AIDS Defining Conditions

PrintPrintEmailEmailSaveSave
 

The US Centers for Disease Control and Prevention (CDC) defines a person as having AIDS if she or he is living with HIV (HIV+) and has a CD4 cell count of 200 or less. The CDC has also developed a list of opportunistic infections (OIs), cancers, and conditions that are considered AIDS-defining conditions (see below). If you have HIV and one or more of these infections or conditions, you have a diagnosis of AIDS, no matter what your CD4 count is or how it changes in the future.

This list comes from a government report and contains medical terms. If you have any questions, contact a treatment educator at a local AIDS service organization or call an AIDS information line such as the Project Inform National HIV/AIDS Treatment Hotline at 800-822-7422. To find services across the world, visit AIDSmap's e-atlas.

  • Bacterial infections, multiple or recurrent (only for children less than 13 years old)
  • Candidiasis (type of yeast infection) of bronchi, trachea, or lungs
  • Candidiasis, esophageal
  • Cervical cancer, invasive (only among people 13 years old or older)
  • Coccidioidomycosis, disseminated or extrapulmonary
  • Cryptococcosis, extrapulmonary
  • Cryptosporidiosis, chronic intestinal (for longer than 1 month)
  • Cytomegalovirus disease (other than liver, spleen, or nodes), beginning when older than one month
  • Cytomegalovirus retinitis (with loss of vision)
  • Encephalopathy, HIV-related
  • Herpes simplex: chronic ulcers (lasting longer than 1 month); or bronchitis, pneumonitis, or esophagitis (beginning when older than one month)
  • Histoplasmosis, disseminated or extrapulmonary
  • Isosporiasis, chronic intestinal (for longer than 1 month)
  • Kaposi sarcoma
  • Lymphoid interstitial pneumonia or pulmonary lymphoid hyperplasia complex (only for children less than 13 years old)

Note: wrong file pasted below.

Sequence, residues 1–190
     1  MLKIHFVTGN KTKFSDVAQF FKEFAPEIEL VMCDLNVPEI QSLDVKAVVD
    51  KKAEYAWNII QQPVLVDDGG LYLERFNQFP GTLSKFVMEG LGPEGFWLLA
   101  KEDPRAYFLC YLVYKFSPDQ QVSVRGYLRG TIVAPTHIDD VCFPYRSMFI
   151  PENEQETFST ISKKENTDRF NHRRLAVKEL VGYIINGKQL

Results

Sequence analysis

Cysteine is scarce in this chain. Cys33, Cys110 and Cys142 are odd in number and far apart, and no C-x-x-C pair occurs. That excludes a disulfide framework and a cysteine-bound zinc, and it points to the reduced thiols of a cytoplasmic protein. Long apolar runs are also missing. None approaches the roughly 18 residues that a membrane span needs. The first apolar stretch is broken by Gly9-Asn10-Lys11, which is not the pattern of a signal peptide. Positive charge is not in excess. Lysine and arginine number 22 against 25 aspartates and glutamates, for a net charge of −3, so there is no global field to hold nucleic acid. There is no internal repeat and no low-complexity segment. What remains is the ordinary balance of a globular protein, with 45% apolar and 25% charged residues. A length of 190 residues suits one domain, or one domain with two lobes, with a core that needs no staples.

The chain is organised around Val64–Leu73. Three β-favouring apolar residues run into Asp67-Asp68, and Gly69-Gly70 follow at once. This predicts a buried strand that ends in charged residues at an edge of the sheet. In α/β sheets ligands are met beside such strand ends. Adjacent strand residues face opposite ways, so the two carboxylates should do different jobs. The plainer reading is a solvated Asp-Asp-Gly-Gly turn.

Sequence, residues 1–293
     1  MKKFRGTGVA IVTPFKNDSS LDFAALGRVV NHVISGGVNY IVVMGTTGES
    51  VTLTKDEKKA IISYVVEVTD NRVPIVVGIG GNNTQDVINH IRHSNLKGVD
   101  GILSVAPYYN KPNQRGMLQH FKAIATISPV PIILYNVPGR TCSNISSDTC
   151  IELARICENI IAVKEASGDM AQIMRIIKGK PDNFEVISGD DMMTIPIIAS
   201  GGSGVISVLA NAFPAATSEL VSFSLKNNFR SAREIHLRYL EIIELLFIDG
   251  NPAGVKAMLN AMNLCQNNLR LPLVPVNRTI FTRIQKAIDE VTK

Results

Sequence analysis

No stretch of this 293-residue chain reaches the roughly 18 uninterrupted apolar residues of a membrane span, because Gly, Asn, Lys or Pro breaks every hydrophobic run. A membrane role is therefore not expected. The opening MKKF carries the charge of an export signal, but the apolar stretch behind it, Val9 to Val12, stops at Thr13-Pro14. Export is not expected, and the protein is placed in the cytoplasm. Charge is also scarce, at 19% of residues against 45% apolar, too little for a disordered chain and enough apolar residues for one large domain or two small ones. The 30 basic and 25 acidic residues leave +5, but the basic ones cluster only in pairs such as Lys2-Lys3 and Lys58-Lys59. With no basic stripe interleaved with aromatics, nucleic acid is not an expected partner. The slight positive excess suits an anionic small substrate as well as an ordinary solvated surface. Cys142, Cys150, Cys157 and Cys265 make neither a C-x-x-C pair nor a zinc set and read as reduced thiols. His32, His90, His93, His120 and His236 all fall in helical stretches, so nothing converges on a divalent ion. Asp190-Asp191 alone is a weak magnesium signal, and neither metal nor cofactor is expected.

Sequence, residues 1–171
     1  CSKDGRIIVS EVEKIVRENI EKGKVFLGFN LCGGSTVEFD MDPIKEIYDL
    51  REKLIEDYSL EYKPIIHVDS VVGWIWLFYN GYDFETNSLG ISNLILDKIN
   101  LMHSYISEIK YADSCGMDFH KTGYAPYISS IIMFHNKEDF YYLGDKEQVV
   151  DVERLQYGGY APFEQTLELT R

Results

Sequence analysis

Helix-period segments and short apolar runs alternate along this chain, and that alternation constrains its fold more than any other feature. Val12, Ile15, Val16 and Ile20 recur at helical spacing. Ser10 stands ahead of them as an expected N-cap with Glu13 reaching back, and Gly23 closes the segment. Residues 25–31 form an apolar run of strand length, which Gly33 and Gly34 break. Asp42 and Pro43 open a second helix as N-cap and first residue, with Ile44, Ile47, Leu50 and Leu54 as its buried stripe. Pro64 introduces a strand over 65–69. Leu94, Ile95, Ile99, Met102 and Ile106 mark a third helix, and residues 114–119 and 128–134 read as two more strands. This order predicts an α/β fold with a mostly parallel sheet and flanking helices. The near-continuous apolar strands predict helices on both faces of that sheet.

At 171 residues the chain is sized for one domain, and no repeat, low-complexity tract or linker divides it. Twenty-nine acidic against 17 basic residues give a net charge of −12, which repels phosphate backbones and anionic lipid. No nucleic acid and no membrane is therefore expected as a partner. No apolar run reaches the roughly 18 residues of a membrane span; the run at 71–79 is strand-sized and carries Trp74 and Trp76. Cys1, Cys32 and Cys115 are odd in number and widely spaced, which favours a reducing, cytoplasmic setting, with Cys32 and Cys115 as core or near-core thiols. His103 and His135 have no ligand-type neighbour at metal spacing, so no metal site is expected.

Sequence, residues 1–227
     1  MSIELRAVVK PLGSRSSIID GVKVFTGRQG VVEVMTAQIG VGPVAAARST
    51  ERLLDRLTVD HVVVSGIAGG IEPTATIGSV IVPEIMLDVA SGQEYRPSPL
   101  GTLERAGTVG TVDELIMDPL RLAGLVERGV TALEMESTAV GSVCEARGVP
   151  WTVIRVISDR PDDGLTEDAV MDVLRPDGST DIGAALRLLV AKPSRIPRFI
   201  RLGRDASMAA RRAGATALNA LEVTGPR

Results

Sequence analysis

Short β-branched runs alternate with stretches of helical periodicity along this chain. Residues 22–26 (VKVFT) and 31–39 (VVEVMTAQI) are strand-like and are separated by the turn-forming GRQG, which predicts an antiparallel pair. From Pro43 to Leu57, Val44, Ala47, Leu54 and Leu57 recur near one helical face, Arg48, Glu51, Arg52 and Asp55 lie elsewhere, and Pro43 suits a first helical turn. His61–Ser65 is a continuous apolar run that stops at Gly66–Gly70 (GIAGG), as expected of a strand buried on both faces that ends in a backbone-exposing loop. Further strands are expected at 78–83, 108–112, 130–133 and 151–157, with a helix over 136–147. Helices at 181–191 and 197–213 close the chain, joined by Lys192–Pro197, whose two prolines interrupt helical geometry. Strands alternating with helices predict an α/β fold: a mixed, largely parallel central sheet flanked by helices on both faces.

• Lymphoma, Burkitt (or equivalent term)
  • Lymphoma, immunoblastic (or equivalent term)
  • Lymphoma, primary, of brain
  • Mycobacterium avium complex or M. kansasii, disseminated or extrapulmonary
  • Mycobacterium tuberculosis, of any site, pulmonary (only among people 13 years old or older), disseminated, or extrapulmonary
  • Mycobacterium, other species or unidentified species, disseminated or extrapulmonary
  • Pneumocystis jirovecii pneumonia (PCP)
  • Pneumonia, recurrent (only among people 13 years old or older)
  • Progressive multifocal leukoencephalopathy
  • Salmonella septicemia, recurrent
  • Toxoplasmosis of brain, beginning when older than one month
  • Wasting syndrome due to HIV

Do you get our newsletter?

admin's picture

Sign up for our monthly Newsletter and get the latest info in you in box.

seventh name
Wed, 4/23/2014 - 2:48pm
Tue, 4/15/2014 - 11:08pm

Get answers to many questions about microbicides – what they are, how they work, what is happening in microbicide research, and more.

Get basic information about what pharmacokinetics is, how it is measured and tested, why it is important, and how drugs behave in the body.

Learn about GYN care, questions to ask your provider, and more.

admin's picture

Join our community

Connect to our support community and share experiences with other women living with HIV.

Join now >

admin's picture

You can Help!

According to UNAIDS, one young woman is newly infected with HIV every minute.

Donate now >